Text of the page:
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All Weekly Notes for Exam 1

by: Izabella Brock

All Weekly Notes for Exam 1 PSYC 1301

Izabella Brock

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This notes bundle includes the lecture notes for the following dates: Thursday 08/25/2016 Tuesday 08/30/2016 Thursday 09/01/2016 Tuesday 09/06/2016 Exam Scheduled for Thursday 09/08/2016
Introduction to Psychology
Dr. Zarate
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Popular in Psychology (PSYC)

This 28 page Bundle was uploaded by Izabella Brock on Tuesday September 6, 2016. The Bundle belongs to PSYC 1301 at University of Texas at El Paso taught by Dr. Zarate in Fall 2016. Since its upload, it has received 89 views. For similar materials see Introduction to Psychology in Psychology (PSYC) at University of Texas at El Paso.


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Date Created: 09/06/16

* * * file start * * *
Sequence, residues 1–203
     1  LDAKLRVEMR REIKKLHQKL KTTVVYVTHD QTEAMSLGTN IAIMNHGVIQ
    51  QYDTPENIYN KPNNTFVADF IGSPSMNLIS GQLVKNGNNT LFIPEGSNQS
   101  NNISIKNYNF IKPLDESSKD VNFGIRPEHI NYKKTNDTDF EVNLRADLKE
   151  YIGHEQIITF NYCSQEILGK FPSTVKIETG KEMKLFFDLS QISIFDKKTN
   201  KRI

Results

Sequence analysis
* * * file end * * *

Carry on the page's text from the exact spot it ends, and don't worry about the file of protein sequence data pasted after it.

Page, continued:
PSYC 1301 Augg 25,20016 Lecture Notes Class Info: Quiz is due Sunday • Do not use Internet Explorer as your Web Browser • The quiz is over chapter 1 • You should get between 13-15 of the quiz questions correct Be sure to sign up for SONA • Instructions for sign up are available on the syllabus Class Notes: Psychology is the scientific study of behavior and mental process/mind • Behavior – moving, taking physiological responses, expressions, non-visible but measurable actions • Mental processes o Thinking o Learning o Emotions o Addiction § Aka addiction to phone, exercise, etc. § Not all drugs and alcohol • Behavior is difficult to predict o Meehl’s maxim § The best predictor of future behavior is past behavior o Behavior is predicted by multiple predictors o People affect each other § Reciprocal determinism – o Many psychological concepts are difficult to define (e.g. intelligence) • The goals of psychology o Describe o Understand o Predict § “I knew you were going to say that? Yea right.” o Control § Can we reduce child abuse? § Identify and stop the killer who goes on the rampage? § Improve worker morale? § Stop drunk driving? Stop driving while texting? • If you don’t like drunk drivers don’t text and drive § Help the autistic children learn? • Things that make psych fun o People in psychological experiments usually know they’re being studies § Problem of reactivity – • People are very reactive PSYC 1301 Auug 25,,20166 Lecture Notes § People differ from each other • Every one differs genetically • Even identical twins differ genetically • Siblings, homes, environment – all create a difference in people (even identical siblings) • One can’t control the environment § Culture influences people’s behavior • Gender differences in cultures • What will we address? o Do IQ tests provide accurate measures of intelligence? § Is intelligence inherited, or learned? • Nature vs Nurture • Language is nurture o How does psychological stress influence health? o What is more effective with children, punishment for bad behaviors or reward for good behaviors? § Similarly, does how your parents raise you impact the type of person you are today? • When you punish a kid for writing on the wall are we punishing them for writing or writing on the wall? So we must reward them for writing on paper • Rewarding works better than punishing o How does cognitive function differ with age? o Why is texting while driving so doggone dangerous? § It is strikingly dangerous § No one ever runs out of long term memory § How many things can you keep in your mind at once § Attention is limited – it takes a form of cognitive energy that we simply do not posses o What is the best way to study for an exam? o What did Freud say about sexual behavior? o Is memory better when hypnotized than normal? • Psychology’s Liberation from Philosophy o For many centuries, psychology was indistinguishable from philosophy o The distinctions lie in the use of argument, versus data § Don’t argue. Prove it to me § Show me the data § Now I will try to refute you • Fact or Falsehood • True – Psychology is a way of asking and answering questions • True – the biggest and most persistent issue in psychology concerns the nature- nurture controversy • False – Psychology’s different perspectives contradict each other • False – Random assignment is fulfilled as long as you have an equal number of male and female participants PSYC 1301 Augg 25,20016 Lecture Notes o Are people telling the truth? • True – deceiving research subject is sometimes considered ethical o They only tell you what they want you to know o Its for science • Early schools of Psychology o The Science of Psychology § Wilhelm Wundt promotes the belief that experimental methods should be used to study mental processes. § “What is the best way to measure mental processes?” o Structuralism § Edward Titchener, a student of Wundt, held that complex conscious experiences could be broken down into elemental parts or structures o Functionalism § Advocated by William James and influenced by Darwin, functionalism focuses on how behaviors function to allow people and animals to adapt to their environment § “What are the structures of conscious experiences?” • What are the functions of behavior and mental experiences? o Why did you do that? • How can psychology be applied to life? o First Major Psychological Schools: William James’s Students § G. Stanley Hall (1844-1924) • Established first psychological lab in the US at John Hopkins: founded the APA § Mary Whiton Calkins (1863-1930) • Was the first woman elected president of the APA American Psychological Association • Conducted research in dreams, memory, and personality o Great Theoretical Frameworks of Psychology § 1. Structuralism –What is this process? • ‘Map’ the elements of consciousness (sensations, images, feelings) using introspection § 2. Functionalism – Why • Psychologists must act as ‘detectives’ to discover these purposes • Evolutionary aspect still influences modern psychology § The unconscious is the part of the mind that operates outside of conscious awareness § Unconscious conflicts determine behavior and personality § Psychoanalytic Theory – Unconscious mental process shape feelings, thoughts, and behaviors o New Schools Develop Behaviorism § Ivan Pavlov (1849-1936) – discovers conditioned reflexes § Psychology redefined as the scientific study of observable behavior PSYC 1301 Auugg255,20116 Lecture Notes § This is about the dog that salivates to the ring of a bell due to conditioning § John Watson (1878-1958) – extends approach to human behavior § B.F. Skinner (1904-1990) – further experiments on behavior, learning, and conditioning • These three moves Psychology away from Philosophy • New Schools Develop o Cognitive Psychology – the scientific study of how perception, thought, memory, and reasoning are processed o A return to an emphasis on mental processes and how they influence behavior § Whose happier to medal at the Olympics bronze or silver? Bronze, because they actually got a medal. • Theoretical Perspectives o Cognitive Perspective (1950’s – present) § Noam Chomsky & Herbert Simon § Sometimes Psychologists will study their own children sometimes • Behaviorism vs Cognitive o Behaviorism is an S-R model § Stimulus response o Cognitive psychology emphasizes the S-O-R model § The organism in the middle interprets that stimulus and produces a response • Biological perspective o Emphasizes the physical bases of human and animal behavior, including the nervous, endocrine, and immune systems, and genetics § Neuroscience PSYC 1301 Auug 255,20016 Lecture Notes § Focus § Research techniques o Different from other biological sciences • Cross-cultural perspective o Emerged in the 190’s o Emphasizes diversity of behavior across cultures and the fact that many earlier psychological findings were not universal o Important cultural terms: § Ethnocentrism § Individualistic cultures • Different cultures react to similar situations differently § Collectivistic cultures • How do we make our decisions • Evolutionary Perspective o Reflects renewed interest in Darwin’s work o Applies the principles of evolution to explain psychological processes o Suggests that most adaptive characteristics are perpetuated through natural selection o Analyzes behavior in terms of how it increases a species’ chances to survive and reproduce • Psychology’s three main levels of analysis o 1. Biological Influences § Genetic predispositions § Genetic mutations § Natural selection of adaptive physiology and behaviors § Genes responding to the environment o 2. Psychological influences § Learned fears and other learned expectations § Emotional responses § Cognitive processing and perceptual interpretations o 3. Social-cultural influences § Presence of others § Cultural, societal, and family expectations § Peer and other group influences § Compelling models (such as the media) o These all lead to a behavior or mental process • Psychologists and Psychiatrists o Clinical Psychologists § Trained in the diagnosis, treatment, caused and prevention of psychological disorders o Psychiatrist § Have medical degrees followed by specialized training in the diagnosis, treatment, causes, and prevention of psychological disorders § Emphasize biological factors and use biomedical therapies • The profession of Psychology PSYC 1301 Augg 25,20016 Lecture Notes o Basic Research builds psychology’s knowledge bas through research and training o There are many sub specialties of psychology such as clinical, counseling, general, developmental, educational, social and personal, cognitive, industrial organizational, biological and experimental, etc. o Psychologists work in a wide variety of settings § Universities, colleges, and medical schools § For-profit organizations and self-employment § The federal government § Stat and local government New Lecture • What is good research design? • Explore the scientific method • Discuss the ethics of experimentation • Review statistics • How do Psychologists Ask and Answer Questions? • What about intuition and common sense? o Many people believe that intuition and common sense are enough to bring forth answers regarding human nature • Limits of Intuition o Personal interviewers may rely too much on their “gut feelings” when meeting with job applicants o We like people who are like up • Hindsight Bias o This is that “I-knew-it-all-along” phenomenon o After learning the outcome of an event, many people believe they could have predicted that very outcome. We only knew the stocks would plummet after they actually did plummet. • The scientific Attitude and Critical Thinking o In whatever subfield and in whatever setting, psychologists seek to maintain a scientific attitude: § Curiosity § Skepticism § Humility • Its okay to be wrong o Critical thinking examines: assumptions, disconcerts, hidden values, evaluates evidence, and assesses conclusions o Psychologists, like all scientists, use the scientific method to construct theories that organize, summarize and simplify observations. § We can theorize that irritating someone leads to them being angry – we collect data – and so on • Using the Scientific Method o Scientific method PSYC 1301 Auug 255,20016 Lecture Notes § A set of assumptions, attitudes, and procedures that guide researchers in creating questions to investigate, in generating evidence, and in drawing conclusions • There was an experiment to see if babies can smell their mothers o Step 1: Formulate a specific question that can be tested § Form a hypothesis: a tentative statement about the relationship between two or more variables: a testable prediction or question § Dependent – the variable we measure at the end o Step 2: Design a study to collect relevant data § Use descriptive or experimental methodologies o Step 3: Analyze the data to arrive at conclusions § Use statistics to analyze, summarize, and draw conclusions about the data they have collected o Step 4: Report the results § The rationale for testing the hypothesis who participated in the study and how they were selected § How variables were operationally defined § What procedures or methods were used § How the data were analyzed § What the results seem to suggest o Scientific Terms § Empirical Evidence – is information acquired by observation or experimentation § Hypothesis – a testable prediction about the relationship between at least two events, characteristics, or variables. § Variable – something that can be changed, such as a characteristic or value. They are generally used in psychology experiments to determine if changes to one thing result in changes to another. § Operational definition – a statement of the procedures or ways in which a researcher is going to measure behaviors or qualities. § Statistically significant – is the probability of some result from a statistical test occurring by chance. • Psychologists look for a probability of 5% or less that the results are due to chance, which means a 95% chance the results are “not” due to chance. § Meta-analysis – is a study about other studies in order to get an integrated result. AKA a researcher reviews previously published studies on a topic, and analyzes the various results to find general trends across the studies. § Replication – it’s a way of seeing if the same study can be re- created and yield the same results • The repetition of a research study, generally with different situations and different subjects, to determine if the basic findings of the original study can be generalized to other participants and circumstances. PSYC 1301 Auug25,,2016 Lecture Notes PSYC 1301 Auug 30,,20116 Lecture Notes Class Info: Quiz 2 – Chapter 6 Memory • Available Wednesday 7am – 10:30pm • No Password Class Notes: Theory • A theory is an explanation that integrates principles and organizes and predicts behavior or events o For example, low self-esteem contributes to depression • Hypothesis o A hypothesis is a testable prediction, often prompted by a theory, to enable us to accept, reject or revise the theory § Frustration can lead to depression and aggression o People with low self-esteem are apt to feel more depressed • Research Observations o Research would require us to administer tests of self-esteem and depression • Research Process a) Theories lead to b) Hypotheses lead to c) Research and observations • Scientific Method: A toolbox of skills o Allows us to test specific hypotheses derived from broader theories of how things work § Theories are never “proven,” but hypotheses can be disconfirmed o Naturalistic Observation – watching behavior in real-world setting o Example – someone honks and you go slower in response § High degree of external validity – extent to which we can generalize our findings to the real world § Low degree of internal validity – extend to which we can draw cause-and-effect inferences § Use your own experiences to draw hew hypotheses = not conclusions o Case study designs § Depth is traded for breadth § We look at one group to study why they did what they did in a particular circumstance § Common with rare types of brain damage § Helpful in providing existence proofs, but can be misleading and anecdotal o Correlational designs PSYC 1301 Auug 30,,20116 Lecture Notes § Correlation can vary from -1 to +1 • Zero means there is no correlation § 0 means no relationship § Depicted in a scatterplot – each dot represents a single person’s data § Illusory Correlation – perception of a statistical association where none exist (e.g., crime and the full moon) § Correlation cannot determine causation – merely shows things are related nor correlated § ***If you come to class scan your id before entering the classroom (does not count for points – simply so the instructor can view class attendance correlation vs grades at the end of the semester) o Survey § A technique for ascertaining the self-reported attitudes, opinions or behaviors of people usually done by questioning a representative, random sample of people o Self-report measures and surveys § Self-Report measures – questionnaires assess a variety of characteristics (e.g., interests, traits) § Surveys – measure opinions, attitudes o Important Terms in Survey Design § Sample • A selected segment of the population used to represent the group that is being studied § Representative Sample • A selected segment that very closely parallels, on relevant characteristics, the larger population being studied § Random Selection • Process in which subjects are selected randomly from a larger group such that every group member has an equal chance of being included in the study o Self-Report Measures § Pros • Easy to administer • Direct (self) assessment of person’s state § Cons • Accuracy is skewed for certain groups (narcissist) • Potential for dishonesty o Response sets – tendencies of research subjects to distort their responses § Positive impression managing o Examples of Newspaper Headlines that confuse correlation with causation § Low self-esteem “shrinks Brain” § Housework Cuts Breast Cancer Risk § Wearing a helmet puts cyclists at risk, suggests research o CORRELATION DOES NOT MEAN CAUSATION PSYC 1301 Auugg300,20016 Lecture Notes o More on correlations § “The stork brought you” § Brain size predicts intelligence § Some drug treatments also show reduced coronary heart disease § Ice cream consumption predicts violent crime rates § o Order in Random Events § We look for order and meaningful patterns. § Which is more probable? § Answer: they are equally probable PSYC 1301 Auug 30,,20166 Lecture Notes o Exploring Cause and Effect § Many factors influence our behavior. Experiments • Manipulate factors that interest us, while other factors are kept under control • Effects generated by manipulation factors isolate cause and effect relationships o Experimental Design: What Makes a Study an Experiment? § Random assignment – of participants to conditions • Experimental group – receives the manipulation • Control group – does not receive the manipulation § Independent Variable – experimenter manipulates § Dependent Variable – experimenter measures to see whether manipulation had an effect o Independent Variable § An independent variable is a factor manipulated by the experimenter. The effect of the independent variable is the focus of the study. § For example, when examining the effects of breast feeding upon intelligence, breast feeding is the independent variable o Dependent Variable § A dependent variable is a factor that may change in response to an independent variable. In psychology, it is usually a behavior or a mental process § For example, in our study on the effect of breast feeding upon intelligence, intelligence is the dependent variable o Touch and tipping § Does touching lead to greater restaurant tipping? § How would one test that? • You would have to watch very carefully and count the amount of times a server touched the customer and see if there is a difference in the percent tip received compared to the same server who didn’t touch their customers. (Still not the best experimental design though) • Needs the same server – what if one server is nicer than the other • Needs the same customers, or similar customers o Pitfalls of Experimental Design § Placebo effect – improvement resulting from the mere expectation of improvement • Subjects must be blind – unaware of whether they are in the experimental or control group • Placebos show many of the same characteristics as real drugs PSYC 1301 Auug 300,20116 Lecture Notes • Knowing about placebo effects does not always reduce their effects § Experimenter expectancy effect – phenomenon in which researchers’ hypotheses lean them to unintentionally bias a study outcome • Examples: o Clever Hans, the mathematical horse o Rosenthal’s undergrads and maze-bright, maze-dull rats § Double-blind design – neither researchers nor subjects know who is in the experimental or control group § Hawthorne effect – phenomenon in which participants’ knowledge that they’re being studied can affect … o Experimental Design: what makes a study an experiment § Confounds – any difference between the experimental and control groups, other than the independent variable… o Asking people about themselves and others § Random selection – key to generalizability; ensures every person in a population has an equal chance of being chosen to participate § Evaluating Measures: • Reliability – consistency of measurement • Validity – extent to which a measure assesses what it claims to measure • A test must be reliable to be valid, but a reliable test can still be completely invalid • Using height to measure intelligence would be relatable, but not valid o Why not always run an experimental study? § It is not always plausible • Death penalty research § For research at the discovery stage, identifying relationships might be the first step § Not always ethical • Death and divorce o Ethical issues in research Design § Tuskegee Study (1932 to 1972) • African American men living in rural Alabama diagnosed with syphilis • U.S. Public Health Service never informed, or treated, the men • Merely studied the course of the disease: 28 men died of syphilis, 100 of related complications, 40 wives were infected, 19 children were born with it o Key provisions in the most recent APA ethical guidelines regulation research with human participants PSYC 1301 Auug 30,,20116 Lecture Notes § Informed consent and voluntary participation § Students as research participants § The use of deception § Confidentiality of information § Information about the study of debriefing o True or False? § If an experiment can be reproduced 9 out of 10 times, it is statistically significant. § FALSE – the typical standard in psychology experiments is 19 out of 20 (or 95%) New Lecture • What is Memory? o Memory involves three fundamental processes § Encoding – transforming information into a form that can be entered and retained by the memory system § Storage – retaining information in memory so that it can be used at a later time § Retrieval – recovering stored information for conscious awareness § One driving point. Memory is an active process. • We selected what we attend to and retrieve o What is the capital of California? 1. Perhaps you never heard it before. If so, then no encoding. 2. Perhaps you once knew the capital, but can’t recall it right now. If so, you have retention, but you can’t retrieve the information 3. You know it: Sacramento o Retrieval: Getting Information Out § Retrieval refers to getting information out of the memory store o Studying Memory – memory refers to the persistence of learning over time, through the storage and retrieval of information and skills PSYC 1301 Auug30,,2016 Lecture Notes PSYC 1301 Sept 1,20166 Lecture Notes Class Info: Take the online quizzes No quiz this weekend Class Notes: Studying Memory • Memory refers to the persistence of learning over time, through the storage and retrieval of information and skills o Learning new skills takes cognitive function o Three behaviors show that memory is functioning § Recall is analogous to “fill-in-the-blank” you retrieve information previously learned and unconsciously stored § Recognition – is a form of “multiple choice” you identify which stimuli match your stored information § Relearning – is a measure of how much less work it takes you to learn information you had studied before, even if you don’t recall having seen the information before • Relearning Time as a Measure of Retention o In the late 1800s, Hermann Ebbinghaus studied another measure of memory functioning: how much time does it take to relearn and regain mastery of material? o He studied the memorization of nonsense syllables (THB YOX KVU EHM) so that depth of processing or prelearning would not be a factor o The more times he rehearsed out loud on day 1, the less time he needed to relearn/memorize the same letters on day 2 • Memory Game o Memory Illusion – a false but convincing memory o Memory is reconstructive – we extract the gist to make things easier to remember, but this also contributes to memory errors o It helps us generally, as specific details are rarely needed, but it does cause errors • Stage Model: PSYC 1301 Seept1,,20166 Lecture Notes • Sensory Memory: Fleeting Impression of the World o Very briefly stores sensory impressions so that they overlap slightly with one another o Used to perceive the world as continuous, rather than as a series of disconnected visual images or disjointed sounds • Types of Sensory Memory o Visual sensory memory – is sometimes referred to as iconic memory because it is the brief memory of an image, or icon § Duration; approximately ¼ to ½ a second o Auditory sensory memory is sometimes referred to as echoic memory, meaning a brief memory that is like an echo § Lasts up to three or four seconds • Sperling’s Experiment Demonstrating the Duration of Sensory Memory • Sensory Information o Short lived (such as stepping on a rock) o Limitless o Must be attended to quickly • Short-Term Working Memory: The Work of Consciousness o STM provides temporary storage for information transferred from sensory and long-term memory o Duration: about 20 seconds § Can be retained longer through maintenance rehearsal § Mental or verbal repetition of information § Information loss may be due to decay or interference from new or competing information o Capacity § Described by George Miller as “The Magical Number Seven, Plus or Minus Two” § Can be increased by chunking; use maintenance rehearsal to encode § Current research suggests that the true “magical number” is four plus or minus one when chunking not an option • Working Memory: Functions o The Short-term memory is “working” in many ways § It holds information not just to rehearse it, but to process it (such as hearing a word problem in math and doing it in your head). PSYC 1301 Seept1,,20166 Lecture Notes o Short-term memory integrates information from long-term memory with new information coming in from sensory memory • Encoding Memory: Capacity of Short-Term and Working Memory o If some information is selected from sensory memory to be sent to short- term memory, how much information can we hold there? o George Miller proposed that we can hold 7 +/- 2 information bits (for example, a string of 5 to 9 letters) o More recent research suggests that the average person, free from distraction can hold about: § 7 digits, 6 letters, or 5 words o Working Memory, which uses rehearsal, focus, analysis, linking, and other processing, has greater capacity than short-term memory. The capacity of working memory varies; some people have better concentration • Duration o Peterson and Peterson measured the duration of working memory by manipulating rehearsal § The duration of the working memory is about 20 seconds • Capacity Theories o Tasks take mental effort o We have limited mental effort to allocate to all demands on our attention § Conscious control of allocation § Some tasks require more attention than others § It helps that some tasks become automated • Consciousness 1. Since we cannot focus on all the sensory information received, we select information that is important to us and actively process it into our working memory 2. Consciousness, short-term memory, working memory. For us, the same 3. Limited in capacity. The only memory store limited in capacity. • Long-Term Memory o Any information stored longer than the 20-second duration of short-term memory o Unlimited amount of information can be stored in long-term memory § LTM has different memory systems § Long-term memories can last a lifetime § Amount of information that can be held is limitless o Three Major categories § Procedural memory – refers to the long-term memory of how to preform different skills, operations, and actions: sometimes known as “Muscle memory” • Such as typing – in order to remember where the letters on a keyboard are we use our hands § Episodic memory refers to long-term memory of specific events or episodes, including the time and place PSYC 1301 Seept1,,2016 Lecture Notes • Related: autobiographical memory; personal life history § Semantic memory is general knowledge of facts, names, definitions, concepts • We usually do not remember where we learned these • Semantic Network Model o Mental links form between concepts § Common properties provide bases for mental link § Shorter path between two concepts = stronger association in memory o Concept is activated in semantic network, spread in any number of directions, activating other associations in network • Retrieval Cues o Memories are held in storage by a web of association. These associations are like anchors that help retrieve memory PSYC 1301 Sept 1,20116 Lecture Notes • Retrieval is Affected by Activating our Associations o Priming triggers a thread of associations that bring us to a concept, just as a spider feels movement in a web and follows it to find the bug o Our minds, work by having one idea trigger another; this maintains a flow of thought • The power of Priming o Priming has been called “invisible memory” because it affects us unconsciously o In the case of tree “bark” vs. dog “bark” the path we follow in our thoughts can be channeled by priming o We may have biases and associations stored in memory that also influence our choices § Study: people primed with money-related words were less likely to then help another person • Dual-Track Processing: Explicit and Implicit Memories o So far, we have been talking about explicit/”declarative” memories. These are facts and experiences that we can consciously know and recall § Our minds acquire this information through effortful processing. Explicit memories are formed through studying, rehearsing, thinking, processing, and then storing information in long-term memory o Some memories are formed without going through all the Atkinson- Shiffrin stages. These are implicit memories, the ones we are not fully aware of and thus don’t “declare”/talk about § These memories are typically formed through automatic processing. Implicit memories are formed without our awareness that we are building a memory, and without rehearsal or other processing in working memory • Implicit Memory o HM is unable to make new memories that are declarative (explicit), but he can form new memories that are procedural (implicit). o HM learned the Tower of Hanoi (game) after his surgery. Each time he plays it, he is unable to remember the fact that he has already played the game. • Big Issues in Attention o We are bombarded by more information that we can attend to § Selective attention § Divided attention § Automaticity o Some tasks can be performed with little, if any, attention • Automatic Processing o Some experiences are processed automatically into implicit memory, without any effortful/working memory processing: § Procedural memory – such as knowing how to ride a bike, and well-practiced knowledge such as word meanings PSYC 1301 Seept 1,20016 Lecture Notes § Conditioned associations, such as a smell that triggers thought of a favorite place § Information about space, such as being able to picture where things are after walking through a room § Information about time, such as retracting a sequence of events if you lost something § Information about frequency, such as thinking, “I just noticed that this is the third texting driver I’ve passed today.” o Automatic vs. Controlled § Automatic • Fast and efficient • Unavailable consciousness • Unavoidable • Unintentional § Controlled • Slow and less efficient • Available to consciousness • Controllable • Intentional • Encoding: Getting Information In o How we encode § Some information (route to your school) is automatically processed § However, new or unusual information (friend’s new cell-phone number) requires attention and effort • Encoding Long-Term Memories o Maintenance rehearsal is not effective; o Elaborative rehearsal is more effective § Encodes information into a form that can be retrieved later § Focuses on the meaning of information to help encode and transfer it to long-term memory § Relates the information to other information you already know • Encoding: Effortful Processing Strategies o If we have short-term recall of only 7 letters, but can remember 5 words, doesn’t that mean we could remember more than 7 letters if we could group them into words? § This is an example of an effortful processing strategy, a way to encode information into memory to keep it from decaying and make it easier to retrieve § Effortful processing is also known as studying o Examples: § Chunking, mnemonics, maps, hierarchies/categories, rehearsal, deep processing, semantic processing, and making information personally meaningful PSYC 1301 Seept6,,20116 Lecture Notes Class Info: Test this Thursday (next class) • Chapters 1 & 6 • Green 50 item scantrons (bring 2) • Pencil • Be on time • One seat between each person • Bring your ID Quiz due Sunday over chapter 2 Class Notes: Some experiments can have placebos E.g. Breast milk vs formula Encoding: Effortful Processing Strategies • Effortful processing strategy – a way to encode information into memory to keep it from decaying and make it easier to retrieve • Effortful processing is also known as studying • Rehearsal o The more times the nonsense syllables were practiced on Day 1, the fewer repetitions were required to remember them on day 2 • Memory Effects o Spacing Effect: We retain information better when we rehearse over time § Professor stresses studying more often over shorter periods of time o Serial position effect: when your recall is better for first and last items on a list, but poor for middle items § Don’t always start at the beginning of a chapter when studying § Begin at the middle or different spots • Rehearsal and Distributed Practice o Massed Practice – cramming information all at once. It is not time- effective o The spacing effect was first noted by Hermann Ebbinghaus in the late 1800s. You will develop better retention and recall, especially in the long run, if you use the same amount of study time spread out over many shorter sessions. § This is like trying to run 10 miles on your first day versus running several one miles. § When studying we cant study for 10 hours it is better to study for several individual hours separated by rest. o This doesn’t mean you have to study every day. Memory researcher Harry Bahrick noted that the longer the time between study sessions, the better the long-term retention, and the fewer sessions you need. PSYC 1301 Septt6,,2016 Lecture Notes o Testing effect – Henry Roediger found that if your distributed practice includes testing (having to answer questions about the material) you will learn more and retain more than if you merely reread • Encoding Meaning o Processing the meaning of verbal information by association it with what we already know or imagine. Encoding meaning (semantic encoding) results in better recognition later than visual or acoustic encoding • Encoding Specificity Principle o When conditions of retrieval are similar to conditions of encoding, retrieval is more likely to be successful § Context effects • Tendency to remember information more easily when the retrieval occurs in the same setting in which you originally learned the information • Environmental cues in a particular context are encoded as part of the unique memories you form while in that contest § Mood congruence • Factors related to mood or emotion o You want to study in the same condition as you will test in (i.e. sober, fully awake) • Levels of processing: Craik and Lockhart (1972) o Incoming information processed at different levels o Deeper processing = longer lasting memory codes o Encoding levels § Structural – shallow § Phonemic – intermediate § Semantic – deep o You have to be consciously aware that you are studying to remember • Making information personally meaningful o We can memorize a set of instructions more easily if we figure out what they mean rather than seeing them as set of words o Memorizing meaningful material takes one tenth the effort of memorizing nonsense syllables o Actors memorize lines (and students memorize poems) more easily by deciding on the feelings and meanings behind the words, so one line flows naturally to the next o The self-reference effect, relating material to ourselves, aids encoding and retention • What we encode a. Encoding by meaning i. Make it relevant to the self! b. Encoding by images i. Think it through c. Encoding by organization i. Don’t passively read. Think. • Organizing information for encoding PSYC 1301 Seept6,,20166 Lecture Notes o Break down complex information into broad concepts and further subdivide them into categories and subcategories § Chunking § Hierarchies • Chunking o Organizing items into a familiar, manageable unit. § 1-7-7-7-1-4-9-2-1-8-1-2-1-4-9-1 § vs § 1-7-7-6 1-4-9-2 1-8-1-2 1-4-9-1 § Easier when you separate this into chunks • Encoding Long-term memories o Hints for studying based on encoding strategies § Make sure you understand the new information by restating it in your own words § Actively question new information § Think about the potential applications and implications of the material § Relate the new material to information you already know, searching for connections that make the new information more meaningful § Generate your own examples of the concept, especially examples from your own experiences • Memory Storage: Capacity and Location o The brain is NOT like a hard drive. Memories are NOT in isolated files, but are in overlapping neutral networks o The brain’s long-term memory storage does not get full; it gets more elaborately required and interconnected o Parts of each memory can be distributed throughout the brain • Explicit Memory Processing o Explicit\declarative memories include facts, stories, and meanings of words such as the first time riding a bike, or facts about types of bicycles o Retrieval and use of explicit memories, which is in part a working memory or executive function, is directed by the frontal lobes o Encoding and storage of explicit memories is facilitated by the hippocampus. Events and facts are held there for a couple of days before consolidating moving to other parts of the brain for long-term storage. Much of this consolidation occurs during sleep • Brain structures involved in memory o Prefrontal cortex o Hippocampus o Cerebellum o Amygdala o Medial temporal lobe • Cerebellum – a neural center in the hindbrain that processes implicit memories • Emotions and Memory o Strong emotions, especially stress, can strengthen memory formation PSYC 1301 Seept6,,20166 Lecture Notes o Flashbulb memories refer to emotionally intense events that become “burned in” as a vivid-seeming memory o Note that flashbulb memories are not as accurate as they feel • Emotions, stress, Hormones, the amygdala, and memory o How does intense emotion cause the brain to form intense memories? § Emotions can trigger a rise in stress hormones § These hormones trigger activity in the amygdala, located next to the memory-forming hippocampus § The amygdala increases memory-forming activity and engages the frontal lobes and basal ganglia to “tag” the memories as important o As a result, the memories are stored with more sensory and emotional details § These details can trigger a rapid, unintended recall of the memory § Traumatized people can have intrusive recall that is so vivid that it feels like re-experiencing the event o Professor tells story of how one year he was mugged on Halloween o For a year of the professors life he only wore a superman suit • Summary: Types of Memory Processing • Why do we forget? o Forgetting can occur at any memory stage. We filter, alter, or lose much information during these stages. o One of the most common reasons for forgetting occurs when information is not encoded initially into long-term memory (encoding failure) PSYC 1301 Seept 6,20116 Lecture Notes o Failure to remember what needs to be done in the future involves a prospective memory error o Decay Theory § When a new memory is formed, it creates a distinct structural or chemical change in the brain (memory trace) § Memory traces fade away over time as a matter of normal brain processes o Challenges § Some research has shown that information can be remembered decades after it was originally learned § Ebbinghaus theorized that the rate of forgetting decreases over time • Storage Decay o Poor durability of stored memories leads to their decay. Ebbinghaus showed this with his forgetting curve • Interference o Learning some new information may disrupt retrieval of other information • The brain and the two-track mind: the case of Henry Molaison o In 1953, the removal of H.M.’s hippocampus at age 27 ended his seizures, but also ended his ability to form new explicit memories o H.M. could learn new skills, procedures, locations of objects, and games, but had no memory of the lessons or the instructors. • Studying brain damage and amnesia o Retrograde amnesia – refers to the inability to retrieve memory of the past o “H.M.” and “Jimmy” suffered from hippocampus damage and removal causing anterograde amnesia, an inability to form new long-term declarative memories § They had no sense that time had passed since the brain damage. While they were not forming new declarative memories, encoding was still happening in other processing “tracks” § Jimmy and H.M. could still learn how to get places (automatic processing), could learn new skills (procedural memory), and acquire conditioned responses § However, they could not remember any experiences which created these implicit memories • Two types of Amnesia o Retrograde amnesia – refers to an inability to retrieve memory of the past o Anterograde amnesia – refers to an inability to form new long-term declarative\explicit memories § Retrograde amnesia can be caused by head injury or emotional trauma and is often temporary § It can also be caused by more severe brain damage; in that case, it may include anterograde amnesia § H.M. and Jimmy lived with no memories of life after surgery • Why is our memory full of errors? PSYC 1301 Septt6,20016 Lecture Notes o Memory not only gets forgotten, but it gets constructed (imagined, selected, changed, and rebuilt) o Memories are altered every time we “recall” (actually, reconstruct) them. Then they are altered again when we reconsolidate the memory (using working memory to send them into long term storage) o Later information alters earlier memories o No matter how accurate and video-like our memory seems, it is full of alterations • Misinformation and Imagination Effects o Eyewitnesses reconstructed their memories when questioned about the event and they could not recall all the correct details Information you may have missed towards the end of class: • Implanted Memories o In one study, students were told a false story that spoiled egg salad had made them ill in childhood. As a result, many students became [even] less likely to eat egg salad sandwiches in the future o In a study by Elizabeth Loftus, people were asked to provide details of a incident in childhood when they had been lost in a shopping mall – even through there actually had been no such incident, by trying to picture details, most people cam to believe that the incident had actually happened o Lessons: 1. By trying to help someone recall a memory, you may implant a memory 2. You cant tell how real a memory is by how real it feels o Simply picturing an event can make it seem like a real memory o Once we have an inaccurate memory, we tend to add more imagined details, as perhaps we do for all memories o Why does this happen? Visualizing and actually seeing an event activate similar brain areas • Recovered memories of Past Abuse o Can people recover memories that are so thoroughly repressed as to be forgotten? o Abuse memories are more likely to be “burned in” to memory than forgotten o Forgotten memories of minor events do reappear spontaneously, usually through cues (accidental reminders) o An active process of searching for such memories, however, is more likely to create detailed memories that feel real. o “False” memories, implanted by leading questions, may not be lies. People reporting events that didn’t happen usually believe they are telling the truth o Questioners who inadvertently implant memories in others are generally not trying to create memories to get others in trouble PSYC 1301 Seept6,,20116 Lecture Notes o As a result, unjust false accusations sometimes happen, even if no one intended to cause the injustice • Déjà vu o Déjà vu means, “I’ve experienced this before.” o Cues from the current situation may unconsciously trigger retrieval of an earlier similar experience • Problems with memory o Eyewitness testimony o Weak correlation between witness confidence in their testimony and its accuracy § Less accurate when • Observing others of a different race • Witness has talked to other witnesses • The observed situation is stressful (e.g. threatening, weapon involved) • Dual Task Performance – Do we multi-task will? o Divided attention is difficult when: § Tasks are similar § Tasks are difficult § When both tasks require conscious attention o Divided attention is easier when § When at least one of the tasks does not require conscious attention § Tasks are practiced • Improvising Memory o Study repeatedly to boost long-term recall o Spend more time rehearsing or actively thinking about the material o Make material personally meaningful o Use mnemonic devices: § Associate with peg words – something already stored § Make up a story § Chunk – acronyms o Activate retrieval cues – mentally recreate the situation and mood o Recall events while they are fresh – before you encounter misinformatio